Who Built Pakistan's Bomb?
One might assume that that is a silly rhetorical question after all Pakistan built its nuclear weapons on their own didn't they? Perhaps. But, where did the technical knowledge and equipment come from giving Pakistani scientists the ability to create the Islamic bomb. As they call it. A speech given by President Dwight D. Eisenhower at United Natons on December 8, 1953 called Atoms for Peace in which he laid a vision for the peaceful uses for atomic energy might be a good starting point as discussed in an article by Catherine Collins and Douglas Frantz which appeared in the November 29, 2007 issue of the Asia Times.
Its their assertion that Pakistan's bomb isn't one which was produced ingeniously but was a cooperative of the worlds major industrial powers and the multinational corporations which provided the necessary infrastructure for the manufacture of the components not only for the atoms peaceful uses but for the weapons these countries felt were needed for their national defense. What effects did the Atoms For Peace program have?
Homi Sethna, chairman of the Indian Atomic Energy Commission, spelled out the program's impact after his country tested its first nuclear device in 1974. "I can say with confidence," he wrote, "that the initial [Atoms for Peace program] cooperation agreement itself has been the bedrock on which our nuclear program has been built".
As we all know it was the development of not only of India's nuclear weapons but its complete nuclear program which gave Pakistan the impedes for creating its own nuclear program and the weapons that finally came with it.
Zulfikar Ali Bhutto, the late Pakistani prime minister and father of Benazir Bhutto, first talked publicly about nuclear weapons in the early 1960s when he was Pakistan's energy minister. In his 1967 autobiography, Bhutto wrote, "All wars of our age have become total wars ... and our plans should, therefore, include the nuclear deterrent." But Pakistan's generals rejected his ideas, arguing that the cost of producing a nuclear bomb would cut too deeply into spending on conventional weapons. It wasn't until after Bhutto became prime minister that he officially launched Pakistan's nuclear weapons program in 1972.
A.Q. Khan is the father of Pakistan's nuclear development program. Born in Bhopal India his family would emigrate to Pakistan in 1952. After graduating university in Pakistan A.Q. Khan would receive advanced degrees from the university of Delft in the Netherlands and Catholic University in Leuven Belgium. Upon graduation he would return to the Netherlands to work at Physical Dynamics Research Laboratory (FDO) the year was 1972.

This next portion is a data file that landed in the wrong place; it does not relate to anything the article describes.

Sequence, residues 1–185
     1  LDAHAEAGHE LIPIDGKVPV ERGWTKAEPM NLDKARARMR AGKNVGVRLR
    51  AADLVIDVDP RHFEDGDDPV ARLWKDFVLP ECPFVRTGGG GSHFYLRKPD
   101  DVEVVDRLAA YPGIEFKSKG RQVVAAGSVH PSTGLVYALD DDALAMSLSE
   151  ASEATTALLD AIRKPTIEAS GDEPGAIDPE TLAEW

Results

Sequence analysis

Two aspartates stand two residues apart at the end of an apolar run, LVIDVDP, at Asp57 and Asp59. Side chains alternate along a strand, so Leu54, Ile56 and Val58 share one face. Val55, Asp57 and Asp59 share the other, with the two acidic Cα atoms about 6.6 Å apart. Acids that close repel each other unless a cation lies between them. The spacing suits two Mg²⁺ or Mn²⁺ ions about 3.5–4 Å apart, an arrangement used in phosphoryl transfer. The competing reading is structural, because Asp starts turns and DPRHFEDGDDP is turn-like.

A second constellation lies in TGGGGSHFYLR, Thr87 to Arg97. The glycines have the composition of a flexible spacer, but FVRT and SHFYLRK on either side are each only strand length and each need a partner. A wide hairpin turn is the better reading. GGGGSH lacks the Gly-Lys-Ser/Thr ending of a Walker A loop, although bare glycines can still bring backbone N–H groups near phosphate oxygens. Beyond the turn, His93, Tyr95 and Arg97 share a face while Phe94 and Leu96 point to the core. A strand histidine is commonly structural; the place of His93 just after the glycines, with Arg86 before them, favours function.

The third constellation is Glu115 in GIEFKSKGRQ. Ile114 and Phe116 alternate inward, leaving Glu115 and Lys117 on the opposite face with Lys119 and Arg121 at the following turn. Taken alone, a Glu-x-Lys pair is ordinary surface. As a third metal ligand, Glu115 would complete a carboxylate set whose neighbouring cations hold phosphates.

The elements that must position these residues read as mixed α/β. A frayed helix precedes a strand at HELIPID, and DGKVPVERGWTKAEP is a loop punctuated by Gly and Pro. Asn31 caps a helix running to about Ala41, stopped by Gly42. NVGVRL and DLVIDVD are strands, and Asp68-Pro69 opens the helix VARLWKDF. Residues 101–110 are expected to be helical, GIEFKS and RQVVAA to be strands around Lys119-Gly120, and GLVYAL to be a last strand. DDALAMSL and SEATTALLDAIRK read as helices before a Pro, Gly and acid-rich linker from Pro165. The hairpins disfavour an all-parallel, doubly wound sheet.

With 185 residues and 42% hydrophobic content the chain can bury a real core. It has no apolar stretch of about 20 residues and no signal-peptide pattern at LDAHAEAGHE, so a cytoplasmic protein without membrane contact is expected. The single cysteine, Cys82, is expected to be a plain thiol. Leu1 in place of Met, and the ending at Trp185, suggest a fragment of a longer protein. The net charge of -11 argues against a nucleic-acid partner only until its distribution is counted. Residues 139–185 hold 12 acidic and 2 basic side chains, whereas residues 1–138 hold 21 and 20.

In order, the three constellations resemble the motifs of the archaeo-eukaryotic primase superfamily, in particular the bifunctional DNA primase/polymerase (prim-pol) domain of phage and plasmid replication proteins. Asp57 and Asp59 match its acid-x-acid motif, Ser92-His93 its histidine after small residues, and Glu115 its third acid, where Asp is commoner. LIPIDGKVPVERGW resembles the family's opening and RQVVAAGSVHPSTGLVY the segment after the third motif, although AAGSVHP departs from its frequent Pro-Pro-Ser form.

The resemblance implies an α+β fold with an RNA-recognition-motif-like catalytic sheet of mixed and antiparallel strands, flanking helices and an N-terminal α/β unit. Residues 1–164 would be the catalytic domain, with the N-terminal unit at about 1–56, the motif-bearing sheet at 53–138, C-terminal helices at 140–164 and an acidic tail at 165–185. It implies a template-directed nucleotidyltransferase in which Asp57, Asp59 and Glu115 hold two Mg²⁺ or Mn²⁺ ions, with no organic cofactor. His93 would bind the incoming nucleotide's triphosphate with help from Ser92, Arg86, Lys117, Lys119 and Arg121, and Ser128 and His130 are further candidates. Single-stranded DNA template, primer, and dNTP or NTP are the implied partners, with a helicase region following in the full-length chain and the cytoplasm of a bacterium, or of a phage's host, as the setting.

In May 1974, India carried out its first nuclear test, code named Smiling Buddha, to the great alarm of the Government of Pakistan. Around this time, Khan had privileged access to the most secret areas of the URENCO facility as well as to documentation on the gas centrifuge technology. A subsequent investigation by the Dutch authorities found that he had passed highly-classified material to a network of Pakistani intelligence agents; however, they found no evidence that he was sent to the Netherlands as a spy nor were they able to determine whether he approached the Government of Pakistan about espionage first or whether they had approached him. In December 1975, Khan suddenly left the Netherlands; he returned to Pakistan in 1976..
The former Dutch Prime Minister, Ruud Lubbers, said in early August 2005 that the Government of the Netherlands knew of Dr. A.Q. Khan "stealing" the secrets of nuclear technology but let him go on at two occasions after the CIA expressed their wish to continue monitoring his movements
For the authors the development of Pakistan's nuclear program is equal to what today is called globalization with the number of countries that provided Pakistan with technical and scientific assistance in their quest for a nuclear weapons. This is best expressed in letters they obtained written by A.Q. Khan discussing which countries are either providing equipment or actual guidance to help them meet their goal.
These are some excerpts from those letters
It was an exciting time for Pakistan's fledgling nuclear program. On June 4, 1978, A Q Khan wrote to Aziz Khan, describing early tests of his centrifuge designs, referring to the process of substituting helium for uranium gas as putting "air in the machine".
"June 4 is a historical day for us. On that day we put 'air' in the machine and the first time we got the right product and its efficiency was the same as the theoretical ... As you have seen, my team consists of crazy people. They do not care if it is day or night. They go after it with all their might. The bellows have arrived and like this we can increase the speed of our work."
Khan's international nuclear shopping spree was soon on display as he wrote proudly to his Canadian friend just a week later to recount the trip made by a member of his clandestine procurement network to Japan to obtain some critical, though unexplained help. "Colonel Majeed is back from Japan and thanks God all the problems have been solved. Next month the Japanese would come here and all the work would be done under their supervision."
So, who built Pakistan's bomb? Just the major industrial and nuclear powers of the world all starting from a speech given by Dwight D. Eisenhower to the U.N in 1953.